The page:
Sydney McLaughlin delivered a sizzling world-record breaking 400m hurdles victory as the weather-disrupted US Olympic track and field trials drew to a thrilling close in Oregon on Sunday.
The final day of the 10-day meeting in Eugene was disrupted by brutal triple-digit temperatures which blasted Hayward Field with furnace-like conditions and forced organisers to postpone afternoon events to the evening.
When the action resumed in slightly cooler temperatures on Sunday evening, it was McLaughlin who stole the show, scorching to a stunning victory in 51.90sec after an epic battle with rival Dalilah Muhammad.
The 21-year-old McLaughlin became the first woman ever to duck below the 52-second barrier after a superb tactical race against reigning Olympic and world champion Muhammad.
Muhammad—who had held the previous world record of 52.16sec following her win over McLaughlin at the 2019 World Championships in Doha—was second in 52.42sec. Anna Cockrell claimed the third qualifying spot in 53.70sec.
“I knew from the moment I woke up today that it was going to be a great day,” McLaughlin said afterwards.
“It’s one of those moments that you dream about and think about and play in your head,” she said when asked what had gone through her mind after seeing the world record as she crossed the line. “It was the final ‘I did it’ moment and I’m going to cherish it for the rest of my life.”
‘Iron sharpens iron’
It was another classic duel between McLaughlin and Muhammad, who have dominated the 400m hurdles in recent seasons.
McLaughlin described her ongoing rivalry with Muhammad as “iron sharpens iron.”
“It’s just two great athletes pushing each other to be better,” she said.
“There’s no animosity, no hard feelings, just two people trying to be their best. We wouldn’t be able to have these world records going back and forth without one another.”
Muhammad meanwhile said she had expected McLaughlin to challenge her record after impressing in the heats—but warned she is confident of making improvements to her own time at next month’s Tokyo Olympics.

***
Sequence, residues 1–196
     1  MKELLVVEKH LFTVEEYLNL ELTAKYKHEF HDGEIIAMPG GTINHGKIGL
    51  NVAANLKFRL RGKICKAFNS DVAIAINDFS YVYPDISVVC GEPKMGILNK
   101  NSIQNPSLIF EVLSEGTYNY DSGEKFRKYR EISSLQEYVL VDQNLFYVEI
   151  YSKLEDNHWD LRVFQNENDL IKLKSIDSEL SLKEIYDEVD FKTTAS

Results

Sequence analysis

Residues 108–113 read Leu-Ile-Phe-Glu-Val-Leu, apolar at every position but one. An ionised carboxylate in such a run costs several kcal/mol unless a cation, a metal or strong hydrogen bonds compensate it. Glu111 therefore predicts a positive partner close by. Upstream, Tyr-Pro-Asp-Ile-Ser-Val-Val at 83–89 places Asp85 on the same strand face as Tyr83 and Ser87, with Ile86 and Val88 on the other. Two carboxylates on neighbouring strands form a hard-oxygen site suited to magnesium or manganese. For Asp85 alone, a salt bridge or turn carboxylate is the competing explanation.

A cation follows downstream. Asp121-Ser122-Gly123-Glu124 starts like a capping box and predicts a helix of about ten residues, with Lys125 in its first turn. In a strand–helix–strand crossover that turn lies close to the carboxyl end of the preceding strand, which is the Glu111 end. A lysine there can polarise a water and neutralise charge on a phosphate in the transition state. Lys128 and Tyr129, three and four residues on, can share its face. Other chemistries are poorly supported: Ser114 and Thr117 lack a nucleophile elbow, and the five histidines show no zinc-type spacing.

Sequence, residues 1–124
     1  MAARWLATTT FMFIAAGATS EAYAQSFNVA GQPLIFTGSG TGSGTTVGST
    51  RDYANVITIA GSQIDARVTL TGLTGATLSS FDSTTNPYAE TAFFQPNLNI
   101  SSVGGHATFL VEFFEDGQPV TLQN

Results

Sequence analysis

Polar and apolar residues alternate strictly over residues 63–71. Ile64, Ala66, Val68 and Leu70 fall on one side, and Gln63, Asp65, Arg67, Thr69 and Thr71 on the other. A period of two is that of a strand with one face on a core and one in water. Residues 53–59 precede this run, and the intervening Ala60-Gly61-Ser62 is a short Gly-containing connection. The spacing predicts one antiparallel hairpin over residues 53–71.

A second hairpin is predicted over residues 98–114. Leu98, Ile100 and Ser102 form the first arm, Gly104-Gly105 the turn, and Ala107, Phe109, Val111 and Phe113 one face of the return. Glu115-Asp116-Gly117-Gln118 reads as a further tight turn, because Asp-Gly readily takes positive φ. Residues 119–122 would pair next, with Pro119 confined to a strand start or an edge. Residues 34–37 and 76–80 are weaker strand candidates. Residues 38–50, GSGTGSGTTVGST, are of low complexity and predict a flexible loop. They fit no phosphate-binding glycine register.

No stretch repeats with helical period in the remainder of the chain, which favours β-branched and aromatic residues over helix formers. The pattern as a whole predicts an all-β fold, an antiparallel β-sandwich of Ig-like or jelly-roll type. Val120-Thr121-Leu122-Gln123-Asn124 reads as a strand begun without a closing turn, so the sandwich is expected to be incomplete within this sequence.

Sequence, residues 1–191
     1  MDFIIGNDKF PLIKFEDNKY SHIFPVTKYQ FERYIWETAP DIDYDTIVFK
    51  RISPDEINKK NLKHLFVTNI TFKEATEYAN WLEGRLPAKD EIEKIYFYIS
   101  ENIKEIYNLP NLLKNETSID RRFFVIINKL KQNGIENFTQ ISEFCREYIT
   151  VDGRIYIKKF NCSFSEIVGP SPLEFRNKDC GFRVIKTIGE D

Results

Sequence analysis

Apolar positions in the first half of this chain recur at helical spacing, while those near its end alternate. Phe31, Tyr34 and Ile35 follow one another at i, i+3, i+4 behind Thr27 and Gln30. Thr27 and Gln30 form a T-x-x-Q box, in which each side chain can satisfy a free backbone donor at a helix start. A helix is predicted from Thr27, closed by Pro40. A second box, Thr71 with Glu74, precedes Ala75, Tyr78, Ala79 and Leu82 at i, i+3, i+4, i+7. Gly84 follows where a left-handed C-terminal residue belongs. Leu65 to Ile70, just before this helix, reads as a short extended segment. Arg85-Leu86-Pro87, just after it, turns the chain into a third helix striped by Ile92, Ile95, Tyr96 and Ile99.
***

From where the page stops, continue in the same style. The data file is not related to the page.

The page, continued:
“I definitely saw it coming. She looked so good in the rounds,” Muhammad said of McLaughlin’s time.
“I think there’s more in store for me and Tokyo will be good for me,” added Muhammad, whose pre-season was disrupted this year after she caught Covid-19.
In other finals action on Sunday, there was a striking return to form by reigning world 200m champion Noah Lyles in his favourite event.
Lyles had struggled in last week’s 100m final, and had been outshone by 17-year-old prodigy Erriyon Knighton in the opening rounds of the 200m.
Lyles ‘lets it flow’
But the charismatic 23-year-old Floridian roared back to his best in the final, storming over the line in a world-leading 19.74sec, ahead of Kenny Bednarek in 19.78sec. Knighton was third in 19.84sec to book his spot in Tokyo.
Lyles said a relaxed approach had helped him deliver his best performance of the trials when it mattered.
“I stopped stressing, I let my body do what it does,” he said. “I was asking for a lot in the prelims—I was just thinking ‘More more more’, but today I just thought ‘Flow—let it flow, let it come’.
“I’m tired of stressing, tired of fighting — just let everything come.”
There was another world leading time in the women’s 800m final, when the 19-year-old Athing Mu crushing the field to win in 1min 56.07sec, the fastest time in the world this year.
The teenage star, who only turned professional earlier this month, was always in control and then laid waste to her rivals with a devastating kick for home that saw her finish several metres clear of Raevyn Rogers in 1:57.66. Ajee Wilson was third in 1:58.39.
The men’s 1,500m final meanwhile saw a pulsating finish, with Oregon student Cole Hocker outsprinting 2016 Olympic champion Matthew Centrowitz in the final 50 metres to win in 3:35.28.
Hocker faces a nervous wait to see if he will earn one of the three berths for Tokyo as he has not yet made the Olympic entry standard for the 1,500m this season.